Recent anime movies have raised the visual bar through use of CGI. Appleseed goes the whole hog with a combination of 3D rendered sets, 3D cell shaded characters and motion actors to provide realistic movements and cinematography. Some say this introduces a new genre beyond anime – but what we really want to know is “Is it a decent movie?” Well in a word, yes!

Directed by Shinji Aramaki’s, who was incidentally once a character designer on the cult 80s TV series M.A.S.K, Appleseed is set in 2131 after the Third World War. It tells the tale of Utopia, a world in which 50% of the population is made up from Bioriods (man made humans). These Bioriods are restrained on emotions and are seen as the ideal solution to balance the human thirst for war and thus maintain the peace.

Enter, human Deunan Knute, a SWAT trained, lean, mean, killing machine who has been plucked from the war zone – in which she was still unwittingly fighting. Her quest is to find the Appleseed, the final code, which will allow the Bioroids to reproduce and maintain the same lifecycle as humans, and deliver it to the legitimate owner. A rip roaring, robot-blasting quest unfolds in which she unlocks secrets to her own existence alongside her 75% mechanized lover Briareos.

Based on a comic by Masamune Shirow (also a writer on Ghost in a Shell: Innocence) this movie is an intense visual delight. The backdrops and robots are beautifully 3D rendered with the 3D cell shaded figures approaching near perfection. I say “near perfection” as I found some of the character movements a little clunky. However, this can easily be forgiven as the move to 3D models allows for mind blowing cinematographic effects simply not possible using traditional hand drawn backdrops and figures. In fact you could easily argue that the word backdrop does not apply to such a movie – these are virtual sets.

The action sequences are superb and attention to detail on the mechanical models of robots, buildings, transport and weapons are truly awe-inspiring. In one scene a sexy looking ninja assassin robot brandishing an electronic whip slices open a car engine block revealing all the inner workings. This is just one example of the kind of level of detail you get throughout the film.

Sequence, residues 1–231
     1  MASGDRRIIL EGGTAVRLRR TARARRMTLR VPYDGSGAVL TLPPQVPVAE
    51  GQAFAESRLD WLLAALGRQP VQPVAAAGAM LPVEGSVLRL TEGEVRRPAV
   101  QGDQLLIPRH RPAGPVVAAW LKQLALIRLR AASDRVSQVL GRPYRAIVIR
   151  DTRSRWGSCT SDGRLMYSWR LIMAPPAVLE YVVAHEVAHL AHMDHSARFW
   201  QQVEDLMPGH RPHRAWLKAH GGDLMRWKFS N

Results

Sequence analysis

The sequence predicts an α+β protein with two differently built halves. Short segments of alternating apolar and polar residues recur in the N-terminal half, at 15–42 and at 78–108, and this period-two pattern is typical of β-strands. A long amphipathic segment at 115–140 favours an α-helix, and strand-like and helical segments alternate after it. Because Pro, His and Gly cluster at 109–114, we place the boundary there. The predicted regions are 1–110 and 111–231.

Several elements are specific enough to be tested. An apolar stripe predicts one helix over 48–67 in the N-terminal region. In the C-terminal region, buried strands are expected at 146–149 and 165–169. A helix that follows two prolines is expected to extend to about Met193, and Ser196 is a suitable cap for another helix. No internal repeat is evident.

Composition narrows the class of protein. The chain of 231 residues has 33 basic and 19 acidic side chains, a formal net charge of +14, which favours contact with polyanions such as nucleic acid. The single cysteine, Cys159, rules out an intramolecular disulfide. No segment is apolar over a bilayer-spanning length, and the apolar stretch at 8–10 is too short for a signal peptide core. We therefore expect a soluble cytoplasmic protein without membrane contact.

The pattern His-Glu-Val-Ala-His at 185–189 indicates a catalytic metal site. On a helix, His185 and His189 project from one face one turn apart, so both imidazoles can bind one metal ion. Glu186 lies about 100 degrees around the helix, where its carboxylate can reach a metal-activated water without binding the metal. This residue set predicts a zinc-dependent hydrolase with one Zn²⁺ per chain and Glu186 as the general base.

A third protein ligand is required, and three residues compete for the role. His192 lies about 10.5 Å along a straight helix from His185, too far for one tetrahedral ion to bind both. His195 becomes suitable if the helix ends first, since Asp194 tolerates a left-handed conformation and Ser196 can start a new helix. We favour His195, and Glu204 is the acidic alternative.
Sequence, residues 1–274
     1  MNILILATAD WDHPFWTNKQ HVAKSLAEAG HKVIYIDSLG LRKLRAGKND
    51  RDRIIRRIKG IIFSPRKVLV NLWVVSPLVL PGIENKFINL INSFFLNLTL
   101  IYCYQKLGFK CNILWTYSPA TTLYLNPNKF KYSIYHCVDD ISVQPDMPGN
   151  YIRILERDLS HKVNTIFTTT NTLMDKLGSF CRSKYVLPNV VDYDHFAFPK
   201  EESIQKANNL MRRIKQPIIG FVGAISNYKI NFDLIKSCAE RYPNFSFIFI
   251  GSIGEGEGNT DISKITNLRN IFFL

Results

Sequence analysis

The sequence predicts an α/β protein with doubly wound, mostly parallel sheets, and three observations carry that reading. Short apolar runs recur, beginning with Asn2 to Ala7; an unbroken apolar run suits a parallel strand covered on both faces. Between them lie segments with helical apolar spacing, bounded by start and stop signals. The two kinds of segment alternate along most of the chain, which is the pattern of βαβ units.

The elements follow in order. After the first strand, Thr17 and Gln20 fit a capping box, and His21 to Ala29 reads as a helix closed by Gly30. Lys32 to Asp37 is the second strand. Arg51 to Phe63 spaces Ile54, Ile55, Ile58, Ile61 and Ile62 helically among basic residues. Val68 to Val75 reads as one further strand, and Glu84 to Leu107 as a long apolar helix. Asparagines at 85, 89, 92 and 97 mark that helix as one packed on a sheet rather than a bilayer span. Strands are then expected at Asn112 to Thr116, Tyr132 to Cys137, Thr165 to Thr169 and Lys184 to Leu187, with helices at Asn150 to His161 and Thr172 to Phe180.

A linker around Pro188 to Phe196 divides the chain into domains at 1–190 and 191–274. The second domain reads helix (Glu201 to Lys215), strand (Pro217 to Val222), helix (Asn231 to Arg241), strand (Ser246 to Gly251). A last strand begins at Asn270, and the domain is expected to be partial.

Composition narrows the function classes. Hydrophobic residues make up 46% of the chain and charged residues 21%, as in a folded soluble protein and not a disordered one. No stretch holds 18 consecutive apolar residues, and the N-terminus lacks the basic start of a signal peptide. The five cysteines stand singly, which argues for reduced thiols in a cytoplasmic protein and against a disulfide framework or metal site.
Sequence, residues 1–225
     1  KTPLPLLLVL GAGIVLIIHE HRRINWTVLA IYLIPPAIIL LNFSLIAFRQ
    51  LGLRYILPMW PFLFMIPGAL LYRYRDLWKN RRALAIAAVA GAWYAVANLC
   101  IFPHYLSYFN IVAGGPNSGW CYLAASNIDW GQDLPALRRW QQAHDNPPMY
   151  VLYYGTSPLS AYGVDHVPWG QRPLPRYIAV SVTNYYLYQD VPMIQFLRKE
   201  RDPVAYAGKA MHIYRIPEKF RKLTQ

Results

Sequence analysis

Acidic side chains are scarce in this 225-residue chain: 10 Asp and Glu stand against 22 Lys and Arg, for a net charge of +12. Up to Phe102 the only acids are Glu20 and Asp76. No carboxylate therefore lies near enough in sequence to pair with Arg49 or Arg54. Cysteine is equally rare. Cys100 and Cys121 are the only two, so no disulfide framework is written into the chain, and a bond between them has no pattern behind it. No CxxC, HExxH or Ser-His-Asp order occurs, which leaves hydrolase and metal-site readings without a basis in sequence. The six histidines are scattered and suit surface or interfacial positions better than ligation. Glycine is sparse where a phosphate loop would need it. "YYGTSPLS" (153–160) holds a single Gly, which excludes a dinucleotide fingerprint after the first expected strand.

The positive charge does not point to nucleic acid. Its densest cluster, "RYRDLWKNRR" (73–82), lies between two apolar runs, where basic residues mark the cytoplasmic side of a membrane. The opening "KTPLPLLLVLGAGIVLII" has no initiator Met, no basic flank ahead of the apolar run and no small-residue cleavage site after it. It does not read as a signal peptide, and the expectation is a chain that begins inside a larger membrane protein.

It’s not all good news though. Although visually appealing the plot is somewhat complicated, it seems to unfurl, as they do in many of these films, in a scene of dialogue between two of the main characters. I’d advise a crash course in speed-reading for those watching the subtitled version. Miss this and you can pretty much give up hope of understanding what is going on. Not that you’ll be bored as there is plenty to see.

The theme explores how much we can create a “Utopian” world (along the lines of many Asian mega-cities such as Tokyo or Singapore) and to have such control do we need to balance off on human emotions? The Bioroids with their limited emotional state being the metaphor, if they can breed then surely this would spell the end of humanity as we know it. No wars but possibly no love either. These kind of questions seem very apt in a time when technological advancement is growing ever faster and ‘democracy’ spreads via the turret of a Humvee.

High concentration levels are definitely required, if you wish to take in what’s going on and appreciate the overall beauty unfolding on the screen. There is really no let up, with intense dialogue only broken by just as intense action set pieces. The whole thing left me somewhat mentally strained.

That said it’s great to be stimulated both visually and mentally – Armageddon or Men in Black this is definitely not. But I can see how this may not be everyone’s cup of tea.

With a well fitting soundtrack provided by the likes of Paul Oakenfold and Basement Jaxx the overall package worked for me. It really does nudge the anime genre to the next level, albeit in a different way to movies such as Ghost in Shell: Innocence, and the fantastic Korean anime, Wonderful Days.

For anime and science fiction fans alike this is definitely a must see and surely a breakthrough movie that can only be regarded as a milestone in animated story telling. As the first full CG anime, no doubt it will be superseded (at least technologically) at some point in the future. But the fact that it’s arrived at all ensures that the next few years will surely be an exciting time for anime fans old and new.

8 / 10 Pixelsurgeon Verdict
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Additional Information

Appleseed (2004)
Director Shinji Aramaki
Stars Ai Kobayashi (voice)
Genre Anime

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